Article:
The Majority Of Americans Don’t Approve Of Affirmative Action

A new poll says most Americans are against affirmative action as an enrollment factor in college admissions.

By Erika Hanson | Published

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Affirmative Action has been a touchy subject for decades. The effort seemed heartfelt at its core to many advocates. To improve employment and higher education opportunities for often unrepresented minorities, the government set out to enact the law as a means to improve the rate at which these individuals were represented in various sectors. The law has always been met with controversy, and a new study suggests that overall, most Americans don’t agree with the process. 

A recent study conducted by the Pew Research Center found that 74% of all Americans think that race and ethnicity should not be a factor when considering college admissions. Furthermore, the study found that 82% of people likewise do not believe gender should be a determining factor. To show how widespread this disdain for affirmative action really is, the study was conducted amongst every racial group and included a mixture of Democrats and Republicans as well.

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The study presented questions depicting typical affirmative action connotations that colleges and universities often consider when making their decisions about who to accept for admission. The question verbatim asked, “Do you think each of the following should be a major factor, minor factor, or not a factor in college admissions?” The most support was given to high school grades, which 61% said should be a major factor with 32% stating it should be a minor one. Scored and standardized tests rang in at second place for importance. 39% said they should be a major factor. Similarly, Pew ran the same type of survey a few years ago, and the results mimicked today’s, according to Inside Higher Ed.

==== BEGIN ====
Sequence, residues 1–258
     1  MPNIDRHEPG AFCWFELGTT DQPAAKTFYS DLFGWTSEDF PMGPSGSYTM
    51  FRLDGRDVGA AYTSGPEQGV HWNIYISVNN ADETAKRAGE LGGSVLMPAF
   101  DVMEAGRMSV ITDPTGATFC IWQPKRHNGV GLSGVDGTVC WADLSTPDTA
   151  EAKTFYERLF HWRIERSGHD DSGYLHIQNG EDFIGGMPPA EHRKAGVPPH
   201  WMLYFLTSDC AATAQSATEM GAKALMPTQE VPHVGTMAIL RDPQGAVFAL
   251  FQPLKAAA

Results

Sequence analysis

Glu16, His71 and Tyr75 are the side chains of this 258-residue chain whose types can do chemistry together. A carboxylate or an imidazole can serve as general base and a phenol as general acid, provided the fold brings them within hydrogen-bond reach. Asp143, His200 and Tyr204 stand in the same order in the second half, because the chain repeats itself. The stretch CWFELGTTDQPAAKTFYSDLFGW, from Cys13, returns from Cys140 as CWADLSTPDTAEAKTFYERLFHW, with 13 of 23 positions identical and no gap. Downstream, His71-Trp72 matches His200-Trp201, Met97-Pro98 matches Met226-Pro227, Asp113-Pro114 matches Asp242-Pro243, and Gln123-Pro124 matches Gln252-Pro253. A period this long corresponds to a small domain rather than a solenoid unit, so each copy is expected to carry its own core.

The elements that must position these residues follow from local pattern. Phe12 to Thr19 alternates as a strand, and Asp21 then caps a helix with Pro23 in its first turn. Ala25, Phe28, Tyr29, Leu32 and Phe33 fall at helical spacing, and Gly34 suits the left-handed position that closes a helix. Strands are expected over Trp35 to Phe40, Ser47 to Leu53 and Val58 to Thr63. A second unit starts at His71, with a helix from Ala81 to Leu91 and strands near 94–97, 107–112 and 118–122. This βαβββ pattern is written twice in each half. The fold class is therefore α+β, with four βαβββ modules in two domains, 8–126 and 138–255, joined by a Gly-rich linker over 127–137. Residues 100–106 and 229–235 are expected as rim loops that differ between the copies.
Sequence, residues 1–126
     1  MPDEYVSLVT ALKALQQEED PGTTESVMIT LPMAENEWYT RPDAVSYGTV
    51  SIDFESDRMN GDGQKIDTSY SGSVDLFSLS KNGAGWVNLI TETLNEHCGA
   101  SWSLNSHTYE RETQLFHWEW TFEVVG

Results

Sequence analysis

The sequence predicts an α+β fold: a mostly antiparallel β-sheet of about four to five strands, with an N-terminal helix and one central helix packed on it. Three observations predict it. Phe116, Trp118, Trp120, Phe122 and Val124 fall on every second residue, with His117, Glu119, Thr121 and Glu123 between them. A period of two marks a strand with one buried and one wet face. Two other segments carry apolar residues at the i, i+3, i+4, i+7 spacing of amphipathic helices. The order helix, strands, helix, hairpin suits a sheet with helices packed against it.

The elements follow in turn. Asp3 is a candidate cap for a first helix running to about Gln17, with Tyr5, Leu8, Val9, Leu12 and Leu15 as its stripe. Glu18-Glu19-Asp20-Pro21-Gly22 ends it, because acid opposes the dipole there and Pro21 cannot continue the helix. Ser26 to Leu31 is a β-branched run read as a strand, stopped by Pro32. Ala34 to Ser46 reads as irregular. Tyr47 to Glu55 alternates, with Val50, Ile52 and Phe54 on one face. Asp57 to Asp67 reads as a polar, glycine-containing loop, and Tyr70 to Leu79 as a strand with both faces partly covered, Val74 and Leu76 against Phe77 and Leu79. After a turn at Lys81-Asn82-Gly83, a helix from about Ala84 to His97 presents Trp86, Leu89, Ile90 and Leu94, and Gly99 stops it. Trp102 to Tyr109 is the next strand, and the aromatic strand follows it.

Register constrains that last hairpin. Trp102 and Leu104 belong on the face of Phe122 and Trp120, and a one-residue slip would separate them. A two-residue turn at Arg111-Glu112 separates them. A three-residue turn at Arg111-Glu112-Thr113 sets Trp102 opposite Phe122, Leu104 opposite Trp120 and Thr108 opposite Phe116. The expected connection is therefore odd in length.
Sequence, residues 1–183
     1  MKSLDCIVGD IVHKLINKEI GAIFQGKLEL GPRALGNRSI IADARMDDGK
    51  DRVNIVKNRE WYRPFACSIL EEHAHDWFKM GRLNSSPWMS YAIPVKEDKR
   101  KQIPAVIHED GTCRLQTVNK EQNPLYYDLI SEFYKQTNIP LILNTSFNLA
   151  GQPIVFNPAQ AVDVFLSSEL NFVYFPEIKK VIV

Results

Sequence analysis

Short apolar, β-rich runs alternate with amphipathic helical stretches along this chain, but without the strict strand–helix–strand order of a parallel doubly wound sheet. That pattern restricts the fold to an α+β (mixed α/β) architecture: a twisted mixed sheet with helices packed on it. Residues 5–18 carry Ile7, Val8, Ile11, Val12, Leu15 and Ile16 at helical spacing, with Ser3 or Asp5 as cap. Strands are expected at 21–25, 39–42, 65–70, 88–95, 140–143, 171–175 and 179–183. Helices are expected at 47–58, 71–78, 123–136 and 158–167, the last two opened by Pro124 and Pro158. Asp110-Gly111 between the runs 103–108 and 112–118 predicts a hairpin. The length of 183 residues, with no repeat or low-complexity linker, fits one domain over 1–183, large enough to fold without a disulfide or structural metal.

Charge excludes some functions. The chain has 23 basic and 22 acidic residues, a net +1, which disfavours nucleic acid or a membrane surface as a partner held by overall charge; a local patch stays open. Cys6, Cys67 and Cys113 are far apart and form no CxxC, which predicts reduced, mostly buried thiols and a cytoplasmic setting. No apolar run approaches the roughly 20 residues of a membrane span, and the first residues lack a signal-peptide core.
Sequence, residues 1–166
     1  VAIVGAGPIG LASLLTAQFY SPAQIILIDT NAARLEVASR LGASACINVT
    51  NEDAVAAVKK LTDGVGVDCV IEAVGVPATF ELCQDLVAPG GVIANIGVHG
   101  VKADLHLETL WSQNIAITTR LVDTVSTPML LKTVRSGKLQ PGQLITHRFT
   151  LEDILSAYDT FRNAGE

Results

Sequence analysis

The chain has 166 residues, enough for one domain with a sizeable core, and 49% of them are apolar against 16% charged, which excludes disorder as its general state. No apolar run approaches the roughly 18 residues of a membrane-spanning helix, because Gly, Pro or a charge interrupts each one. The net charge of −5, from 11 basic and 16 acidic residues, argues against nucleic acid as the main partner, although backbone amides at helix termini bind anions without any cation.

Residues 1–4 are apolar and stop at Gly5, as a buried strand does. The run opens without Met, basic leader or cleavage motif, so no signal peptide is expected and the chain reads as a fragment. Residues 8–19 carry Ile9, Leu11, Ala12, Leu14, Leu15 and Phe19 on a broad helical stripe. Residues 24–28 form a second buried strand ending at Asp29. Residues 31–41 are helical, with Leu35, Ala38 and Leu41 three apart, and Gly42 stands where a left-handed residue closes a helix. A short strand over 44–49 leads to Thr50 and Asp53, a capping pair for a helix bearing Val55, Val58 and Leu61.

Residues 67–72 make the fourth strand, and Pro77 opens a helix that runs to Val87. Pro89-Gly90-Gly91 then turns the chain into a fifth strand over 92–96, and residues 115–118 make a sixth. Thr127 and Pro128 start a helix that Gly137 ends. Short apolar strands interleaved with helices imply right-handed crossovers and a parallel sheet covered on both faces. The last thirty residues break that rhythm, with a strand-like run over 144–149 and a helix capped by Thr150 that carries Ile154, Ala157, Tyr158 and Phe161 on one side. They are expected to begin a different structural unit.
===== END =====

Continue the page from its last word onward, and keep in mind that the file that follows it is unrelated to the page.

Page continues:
The study’s findings come as no surprise to many, especially given the media attention given to the recent announcement that the U.S. Supreme court agreed to hear two cases later this year that deal with affirmative action and admissions. This past fall, the Supreme Court agreed to hear the case against college admission facets from both Harvard University and the University of North Carolina at Chapel Hill (UNC). The suit states that the two universities are guilty of penalizing Asian American applicants, more so by using race as a major factor in their admission policies. 

Many Americans might be against affirmative action, but it has nonetheless remained in staunch support by colleges and universities around the nation. What began as a remedy to countless years of discrimination against minorities and women when it came to applications was felt to only further endorse discrimination. Opponents argue that by giving preference to certain types of groups, others that may be much more qualified are instead being discriminated against. 

affirmative action

Those who support affirmative action see things in a different light. Proponents say it helps eliminate stereotypes. In a school setting, advocates argue that it enriches students and faculty members with a different cultural viewpoint. Furthermore, it is said to give opportunities to worthy minorities that might not otherwise have the opportunity or means to apply. 

At a time when divisive concepts, critical race theory, and a general war against education is raging through politics, affirmative action is a key factor in the argument. When the Supreme Court hears the case against Harvard and UNC, it will likely have lasting effects on how workplaces and colleges consider admissions. Whether it will be for the better, however, is yet to be seen.